“If space flight gets to the point that it’s like jet travel, I’m definitely there. It may just be we actually can’t get very far. But it doesn’t mean we shouldn’t try." Michael Chabon
Posts tagged "World War II"
Chris Cleave: Across the divide

Chris Cleave: Across the divide

Chris Cleave’s latest novel, Everyone Brave Is Forgiven, is a London-set examination of the real impact of the Second World War, centring on an 18-year-old schoolteacher called Mary North. Cleave and I have tea one afternoon in Piccadilly to discuss it. There’s a reason why we’re drinking tea and not, say, vermouth. Cleave doesn’t drink....
The hydra of memory and forgetting

The hydra of memory and forgetting

“If you have no wounds, how can you know you are alive?” wrote Edward Albee in 1998’s The Play About the Baby. Steven Uhly’s Kingdom of Twilight could be said to be all about physical, psychological and historical wounds and about the true meaning of knowing oneself to be alive – the true worth of...
A mirage of horrors

A mirage of horrors

“Our language lacks words to express this offence, the demolition of a man.” Primo Levi The question of how one writes, thinks or speaks about the holocaust and the ideologies and sociohistorical conditions that spawned it, is perhaps as vital now as it was in the direct aftermath of a period when the word ‘hell’...
Another Europe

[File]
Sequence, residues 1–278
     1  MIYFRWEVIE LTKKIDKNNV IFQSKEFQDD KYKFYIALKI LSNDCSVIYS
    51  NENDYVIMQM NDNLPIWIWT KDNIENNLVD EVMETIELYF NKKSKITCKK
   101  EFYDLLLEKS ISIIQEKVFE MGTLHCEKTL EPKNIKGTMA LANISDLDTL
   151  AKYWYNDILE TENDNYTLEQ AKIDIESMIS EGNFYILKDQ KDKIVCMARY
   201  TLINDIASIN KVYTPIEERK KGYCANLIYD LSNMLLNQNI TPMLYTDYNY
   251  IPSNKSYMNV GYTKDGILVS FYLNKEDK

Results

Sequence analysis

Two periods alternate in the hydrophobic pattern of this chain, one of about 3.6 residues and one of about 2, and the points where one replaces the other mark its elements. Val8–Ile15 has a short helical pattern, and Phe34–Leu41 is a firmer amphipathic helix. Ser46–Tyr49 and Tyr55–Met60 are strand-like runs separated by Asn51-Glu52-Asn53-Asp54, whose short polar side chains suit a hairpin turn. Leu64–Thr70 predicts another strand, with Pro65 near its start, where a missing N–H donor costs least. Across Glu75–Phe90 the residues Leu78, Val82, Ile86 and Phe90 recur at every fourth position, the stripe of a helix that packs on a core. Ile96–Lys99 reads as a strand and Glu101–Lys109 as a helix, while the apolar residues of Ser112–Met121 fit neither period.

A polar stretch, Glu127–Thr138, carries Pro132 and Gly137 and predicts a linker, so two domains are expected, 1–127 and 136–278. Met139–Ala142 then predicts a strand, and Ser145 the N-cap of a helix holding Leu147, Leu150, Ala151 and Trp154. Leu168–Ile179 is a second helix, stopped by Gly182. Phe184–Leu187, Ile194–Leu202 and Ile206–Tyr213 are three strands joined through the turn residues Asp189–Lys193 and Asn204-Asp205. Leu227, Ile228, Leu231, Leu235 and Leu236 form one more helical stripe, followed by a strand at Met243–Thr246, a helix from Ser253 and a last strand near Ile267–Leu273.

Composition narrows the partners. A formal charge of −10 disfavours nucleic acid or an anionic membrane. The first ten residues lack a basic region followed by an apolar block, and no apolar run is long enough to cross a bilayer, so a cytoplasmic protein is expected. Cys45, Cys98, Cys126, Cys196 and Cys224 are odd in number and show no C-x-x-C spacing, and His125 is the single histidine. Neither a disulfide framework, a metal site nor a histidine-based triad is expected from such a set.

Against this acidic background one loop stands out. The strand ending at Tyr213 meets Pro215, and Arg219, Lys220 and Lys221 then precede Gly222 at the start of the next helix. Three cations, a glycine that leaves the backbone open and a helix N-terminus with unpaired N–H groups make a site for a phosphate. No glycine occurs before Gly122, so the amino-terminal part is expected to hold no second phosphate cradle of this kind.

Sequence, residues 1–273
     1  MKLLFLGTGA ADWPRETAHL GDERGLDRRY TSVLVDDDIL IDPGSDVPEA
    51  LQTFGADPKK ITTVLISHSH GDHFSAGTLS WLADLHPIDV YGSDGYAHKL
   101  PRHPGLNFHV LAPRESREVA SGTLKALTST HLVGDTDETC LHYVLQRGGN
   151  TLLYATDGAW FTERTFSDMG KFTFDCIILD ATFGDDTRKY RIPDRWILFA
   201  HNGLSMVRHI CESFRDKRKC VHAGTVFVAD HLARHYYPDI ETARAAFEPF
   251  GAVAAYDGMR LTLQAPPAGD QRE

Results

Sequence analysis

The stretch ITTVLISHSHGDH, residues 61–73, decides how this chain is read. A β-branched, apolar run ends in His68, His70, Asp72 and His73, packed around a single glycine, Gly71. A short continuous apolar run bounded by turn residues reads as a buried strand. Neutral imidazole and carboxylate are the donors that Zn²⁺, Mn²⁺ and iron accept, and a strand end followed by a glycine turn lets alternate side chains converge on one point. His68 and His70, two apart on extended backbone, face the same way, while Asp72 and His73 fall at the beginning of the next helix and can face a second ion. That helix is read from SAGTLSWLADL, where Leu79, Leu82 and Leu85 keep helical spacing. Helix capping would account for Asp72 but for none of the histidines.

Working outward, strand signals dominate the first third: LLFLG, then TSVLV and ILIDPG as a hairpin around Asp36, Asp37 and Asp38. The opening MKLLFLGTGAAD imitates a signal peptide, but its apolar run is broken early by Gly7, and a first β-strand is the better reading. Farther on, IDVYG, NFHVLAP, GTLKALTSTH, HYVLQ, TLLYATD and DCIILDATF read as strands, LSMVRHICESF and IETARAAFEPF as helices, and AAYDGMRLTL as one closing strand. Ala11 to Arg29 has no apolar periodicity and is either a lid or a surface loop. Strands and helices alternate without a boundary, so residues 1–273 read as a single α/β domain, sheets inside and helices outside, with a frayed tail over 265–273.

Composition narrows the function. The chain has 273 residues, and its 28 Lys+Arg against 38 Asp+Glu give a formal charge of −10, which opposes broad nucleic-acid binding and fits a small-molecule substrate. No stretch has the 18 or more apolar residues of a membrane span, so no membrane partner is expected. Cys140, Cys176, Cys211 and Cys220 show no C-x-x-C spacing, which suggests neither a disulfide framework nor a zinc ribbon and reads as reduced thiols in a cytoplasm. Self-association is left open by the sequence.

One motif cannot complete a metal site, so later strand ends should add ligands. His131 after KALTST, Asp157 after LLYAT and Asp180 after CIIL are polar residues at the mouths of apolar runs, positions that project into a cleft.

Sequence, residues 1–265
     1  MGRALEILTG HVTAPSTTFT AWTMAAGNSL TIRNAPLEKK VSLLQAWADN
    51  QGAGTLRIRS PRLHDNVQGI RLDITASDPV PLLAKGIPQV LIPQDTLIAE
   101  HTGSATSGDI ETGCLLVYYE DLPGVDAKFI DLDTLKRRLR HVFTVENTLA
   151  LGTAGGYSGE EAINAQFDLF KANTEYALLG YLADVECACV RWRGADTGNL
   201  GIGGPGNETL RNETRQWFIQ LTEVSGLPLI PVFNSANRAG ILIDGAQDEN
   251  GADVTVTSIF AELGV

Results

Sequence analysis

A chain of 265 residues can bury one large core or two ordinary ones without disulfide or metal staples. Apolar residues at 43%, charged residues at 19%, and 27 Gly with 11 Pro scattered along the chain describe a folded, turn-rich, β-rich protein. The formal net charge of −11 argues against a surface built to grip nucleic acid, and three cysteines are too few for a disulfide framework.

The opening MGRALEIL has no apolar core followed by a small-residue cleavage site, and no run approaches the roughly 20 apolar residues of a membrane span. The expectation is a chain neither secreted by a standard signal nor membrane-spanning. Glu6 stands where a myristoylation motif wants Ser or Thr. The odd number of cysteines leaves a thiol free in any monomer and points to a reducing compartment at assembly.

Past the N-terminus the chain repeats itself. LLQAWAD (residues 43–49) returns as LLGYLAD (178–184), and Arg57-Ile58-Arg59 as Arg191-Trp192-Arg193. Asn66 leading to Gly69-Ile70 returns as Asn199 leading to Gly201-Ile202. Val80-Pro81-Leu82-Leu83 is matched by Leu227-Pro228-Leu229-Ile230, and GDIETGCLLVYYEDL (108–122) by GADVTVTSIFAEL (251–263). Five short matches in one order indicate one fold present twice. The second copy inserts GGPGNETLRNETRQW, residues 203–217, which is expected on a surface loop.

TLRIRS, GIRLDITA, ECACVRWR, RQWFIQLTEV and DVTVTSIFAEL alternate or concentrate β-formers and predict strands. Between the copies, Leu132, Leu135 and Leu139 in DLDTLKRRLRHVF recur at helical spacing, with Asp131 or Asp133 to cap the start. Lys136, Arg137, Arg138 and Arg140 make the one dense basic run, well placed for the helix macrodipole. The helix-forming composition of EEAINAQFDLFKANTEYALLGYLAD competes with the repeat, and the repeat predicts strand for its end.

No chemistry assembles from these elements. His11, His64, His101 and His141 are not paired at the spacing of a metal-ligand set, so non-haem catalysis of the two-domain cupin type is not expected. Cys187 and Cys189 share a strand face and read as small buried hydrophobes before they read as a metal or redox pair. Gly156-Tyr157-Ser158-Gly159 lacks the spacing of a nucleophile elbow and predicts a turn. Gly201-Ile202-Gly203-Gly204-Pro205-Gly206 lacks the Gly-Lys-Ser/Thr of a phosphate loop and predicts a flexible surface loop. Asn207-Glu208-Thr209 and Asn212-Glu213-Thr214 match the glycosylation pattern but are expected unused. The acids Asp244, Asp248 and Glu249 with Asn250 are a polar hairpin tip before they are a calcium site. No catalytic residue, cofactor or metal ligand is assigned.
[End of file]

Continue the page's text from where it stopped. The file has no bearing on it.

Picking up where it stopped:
Another Europe

In the course of his long and creatively buoyant period of exile through the 1930s, Stefan Zweig expressed, in a slew of speeches and articles presented in conferences across Europe, one thing more than any other: his ardent desire to see a unification of European states, a Europe pledged to friendship, united around pluralism, freedom...
Waiting on the shelf

Waiting on the shelf

When my wife and I married fourteen years ago, our two bookcases became one. It was a lopsided union. Roxanne had cultivated her book collection for years, saving everything she read, all the way back to a desiccated hardcover anthology of Czech short stories she’d liberated from her public library in high school. I, on...
A road less travelled

A road less travelled

When, in May 2013, in the middle of a deserted Polish forest 662 miles from home, I found myself being pulled to the ground by a salivating Alsatian intent it seemed on either wrestling the bag from my back or sinking its teeth into my arm, I remember very clearly having two distinct thoughts. One,...
Jim Shepard: Some kind of hero

Jim Shepard: Some kind of hero

Jim Shepard’s The Book of Aron is a remarkable portrait of the complicated nature of heroism and courage in the face of human atrocity. His fictional commemoration of philanthropist and children’s educator-activist Dr Janusz Korczak is told through the eyes of a nine-year-old boy forced to live on his wits, who ends up in Korczak’s...
The sickness

The sickness

More kids got sick but Madame Stefa still slept downstairs with the healthy ones and Korczak upstairs in the isolation ward. “It’s cold for May,” he said to me one night when I came up to sit with him. He was writing something while everyone else slept. “What’s that smell?” I asked. “The carbide in...
Riding the dragon

Riding the dragon

How a routine ‘meet the parents’ made me write my first novel (and get mixed up with a whole village). “Who lives in that house?” I asked my boyfriend the first time he took me to his parents’ village. The house behind the fence wasn’t especially dark or remarkably mysterious. There was no ivy on...
Visiting hour

Visiting hour

The hospital room smelled of antiseptic cleaner, but it could not mask the odor of sickness. It was Michael’s eighty-fourth birthday. He did not feel like celebrating. He had just survived a week in the Intensive Care Unit after his kidneys, heart and lungs had failed. When he was moved out of the ICU, the...